3. What happened to So-and-so?
Of all the questions you really shouldn’t ask, this one takes the cake. Breakups are hard enough without every family member asking the ins and outs of why you left him or her with your ex. It’s natural to become attached to the people your relatives are dating, especially if you’ve been together for a while and have previously attended Christmas gatherings and family events. But still! What a completely avoidable way to spoil that person’s vacation. Put the past in the past and focus on who is present with you around the table, not who is missing.
4. When are you getting married?
One of the quickest ways to sour what is supposed to be a fun meeting is to bring up a sensitive topic. If a couple in your family is taking their sweet time, one of them (or both) may not be ready to make the big leap into a lifetime commitment. Marriage is a big problem, and we must treat it as such. The dinner table or the living room isn’t really the place to discuss that sort of thing, especially in front of a lot of people. Skip it and watch football instead if you’re looking for some kind of excitement.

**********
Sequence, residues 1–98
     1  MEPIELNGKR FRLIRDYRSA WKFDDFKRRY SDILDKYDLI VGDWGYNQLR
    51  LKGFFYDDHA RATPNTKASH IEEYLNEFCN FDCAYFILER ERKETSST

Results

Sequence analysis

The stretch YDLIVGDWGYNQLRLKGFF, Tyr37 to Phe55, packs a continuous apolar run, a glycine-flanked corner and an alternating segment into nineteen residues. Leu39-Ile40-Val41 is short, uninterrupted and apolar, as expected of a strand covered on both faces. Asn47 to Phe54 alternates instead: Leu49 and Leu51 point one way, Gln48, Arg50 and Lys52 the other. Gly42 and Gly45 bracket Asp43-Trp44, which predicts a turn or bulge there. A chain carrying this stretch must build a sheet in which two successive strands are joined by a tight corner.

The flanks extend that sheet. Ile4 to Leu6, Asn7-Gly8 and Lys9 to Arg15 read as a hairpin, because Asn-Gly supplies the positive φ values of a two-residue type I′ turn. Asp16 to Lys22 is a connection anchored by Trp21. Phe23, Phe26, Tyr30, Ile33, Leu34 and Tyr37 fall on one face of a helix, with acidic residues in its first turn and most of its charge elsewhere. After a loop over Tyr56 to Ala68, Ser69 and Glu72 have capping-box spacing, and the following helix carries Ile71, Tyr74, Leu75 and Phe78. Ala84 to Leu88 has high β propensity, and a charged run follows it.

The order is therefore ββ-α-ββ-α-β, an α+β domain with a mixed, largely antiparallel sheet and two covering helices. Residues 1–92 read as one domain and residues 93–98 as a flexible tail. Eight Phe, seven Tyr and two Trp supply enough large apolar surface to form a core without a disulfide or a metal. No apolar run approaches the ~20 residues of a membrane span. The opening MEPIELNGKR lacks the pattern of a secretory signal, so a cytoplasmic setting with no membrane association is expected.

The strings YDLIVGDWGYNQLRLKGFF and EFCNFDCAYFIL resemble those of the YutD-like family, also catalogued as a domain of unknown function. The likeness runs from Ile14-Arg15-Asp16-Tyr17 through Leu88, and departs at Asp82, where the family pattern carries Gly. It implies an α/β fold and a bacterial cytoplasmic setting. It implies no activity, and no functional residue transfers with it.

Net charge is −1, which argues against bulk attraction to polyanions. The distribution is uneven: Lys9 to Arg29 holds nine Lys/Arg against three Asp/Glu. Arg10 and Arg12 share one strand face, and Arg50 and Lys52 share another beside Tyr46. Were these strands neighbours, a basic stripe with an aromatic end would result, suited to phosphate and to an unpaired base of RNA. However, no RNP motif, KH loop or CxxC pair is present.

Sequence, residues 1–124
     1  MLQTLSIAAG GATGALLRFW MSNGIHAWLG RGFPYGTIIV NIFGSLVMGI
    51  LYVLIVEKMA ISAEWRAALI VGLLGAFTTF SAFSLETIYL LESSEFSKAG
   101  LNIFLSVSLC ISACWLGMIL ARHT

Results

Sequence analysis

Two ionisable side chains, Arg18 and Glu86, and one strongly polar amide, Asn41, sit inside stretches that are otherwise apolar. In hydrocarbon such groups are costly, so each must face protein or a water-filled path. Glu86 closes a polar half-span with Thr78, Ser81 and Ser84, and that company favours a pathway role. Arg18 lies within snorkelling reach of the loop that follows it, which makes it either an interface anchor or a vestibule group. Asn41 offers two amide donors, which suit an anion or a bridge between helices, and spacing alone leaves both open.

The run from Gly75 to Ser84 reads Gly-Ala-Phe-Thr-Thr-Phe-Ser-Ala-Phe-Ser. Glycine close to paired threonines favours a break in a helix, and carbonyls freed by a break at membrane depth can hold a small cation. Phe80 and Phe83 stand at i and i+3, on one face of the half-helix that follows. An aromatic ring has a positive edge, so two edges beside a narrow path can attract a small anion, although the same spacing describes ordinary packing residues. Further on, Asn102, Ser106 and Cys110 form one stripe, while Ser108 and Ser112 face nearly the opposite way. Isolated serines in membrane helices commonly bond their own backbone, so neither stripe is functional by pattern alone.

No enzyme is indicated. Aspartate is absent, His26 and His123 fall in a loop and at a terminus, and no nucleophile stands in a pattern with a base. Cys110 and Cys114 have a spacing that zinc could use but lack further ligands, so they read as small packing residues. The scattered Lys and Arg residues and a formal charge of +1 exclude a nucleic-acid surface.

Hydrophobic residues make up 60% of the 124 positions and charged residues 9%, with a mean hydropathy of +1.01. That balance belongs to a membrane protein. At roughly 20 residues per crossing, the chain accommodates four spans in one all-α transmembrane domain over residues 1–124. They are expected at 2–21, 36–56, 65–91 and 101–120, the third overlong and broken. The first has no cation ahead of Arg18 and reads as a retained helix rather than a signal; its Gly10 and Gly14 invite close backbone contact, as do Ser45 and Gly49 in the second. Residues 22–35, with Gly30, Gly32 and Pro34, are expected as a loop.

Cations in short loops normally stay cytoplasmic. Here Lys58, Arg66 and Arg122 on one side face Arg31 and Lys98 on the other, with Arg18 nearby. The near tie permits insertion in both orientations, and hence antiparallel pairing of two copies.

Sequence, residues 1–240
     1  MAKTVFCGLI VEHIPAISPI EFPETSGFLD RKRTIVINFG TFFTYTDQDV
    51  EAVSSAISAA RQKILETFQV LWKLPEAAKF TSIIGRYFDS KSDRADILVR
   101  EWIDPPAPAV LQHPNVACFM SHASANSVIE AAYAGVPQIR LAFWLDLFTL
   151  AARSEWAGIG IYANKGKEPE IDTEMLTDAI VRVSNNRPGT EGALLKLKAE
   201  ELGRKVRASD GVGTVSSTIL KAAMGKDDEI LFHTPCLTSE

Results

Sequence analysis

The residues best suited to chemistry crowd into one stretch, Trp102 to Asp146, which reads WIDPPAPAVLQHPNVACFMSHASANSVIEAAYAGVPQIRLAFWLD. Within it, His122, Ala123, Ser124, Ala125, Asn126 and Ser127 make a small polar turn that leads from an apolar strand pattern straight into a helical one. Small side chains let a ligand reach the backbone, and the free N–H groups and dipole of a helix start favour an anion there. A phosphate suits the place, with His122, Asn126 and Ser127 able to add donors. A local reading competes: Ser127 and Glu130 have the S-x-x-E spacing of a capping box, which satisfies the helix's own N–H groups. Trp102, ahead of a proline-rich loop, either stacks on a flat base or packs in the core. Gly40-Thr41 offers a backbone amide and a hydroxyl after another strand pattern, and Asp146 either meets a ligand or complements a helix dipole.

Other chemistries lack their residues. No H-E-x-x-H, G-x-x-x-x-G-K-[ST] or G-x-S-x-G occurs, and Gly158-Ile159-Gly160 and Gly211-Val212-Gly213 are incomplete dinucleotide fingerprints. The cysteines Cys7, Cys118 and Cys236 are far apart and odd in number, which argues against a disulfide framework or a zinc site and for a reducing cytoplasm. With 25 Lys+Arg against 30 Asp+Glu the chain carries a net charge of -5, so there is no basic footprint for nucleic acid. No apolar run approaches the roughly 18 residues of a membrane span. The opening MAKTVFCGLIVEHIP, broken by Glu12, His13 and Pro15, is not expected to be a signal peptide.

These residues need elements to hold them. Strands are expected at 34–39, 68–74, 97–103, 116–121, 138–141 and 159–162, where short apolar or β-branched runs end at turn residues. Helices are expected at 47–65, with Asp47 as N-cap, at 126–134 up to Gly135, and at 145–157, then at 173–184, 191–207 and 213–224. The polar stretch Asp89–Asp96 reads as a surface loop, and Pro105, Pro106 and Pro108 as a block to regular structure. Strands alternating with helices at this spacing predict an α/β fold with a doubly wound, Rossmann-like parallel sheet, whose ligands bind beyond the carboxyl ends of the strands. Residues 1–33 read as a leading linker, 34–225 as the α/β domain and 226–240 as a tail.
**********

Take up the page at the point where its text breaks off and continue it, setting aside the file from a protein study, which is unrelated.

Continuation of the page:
5. When are you going to have children?
Every newlywed gets this question at one point or another, and while there’s usually nothing sinister or malicious behind it, you, as an outsider, aren’t privy to the intimate parts of someone else’s marriage, nor He should be. There are many reasons why a new couple probably doesn’t want to discuss their sex life and family planning at the dinner table, and that should be respected, no matter how quickly or soon they got pregnant and how many children they have. to think they should have. For all you know, they may already be trying or planning to start in the future, or even postpone it for specific reasons. Just compliment the pumpkin pie and leave the procreation talk to the people it concerns first.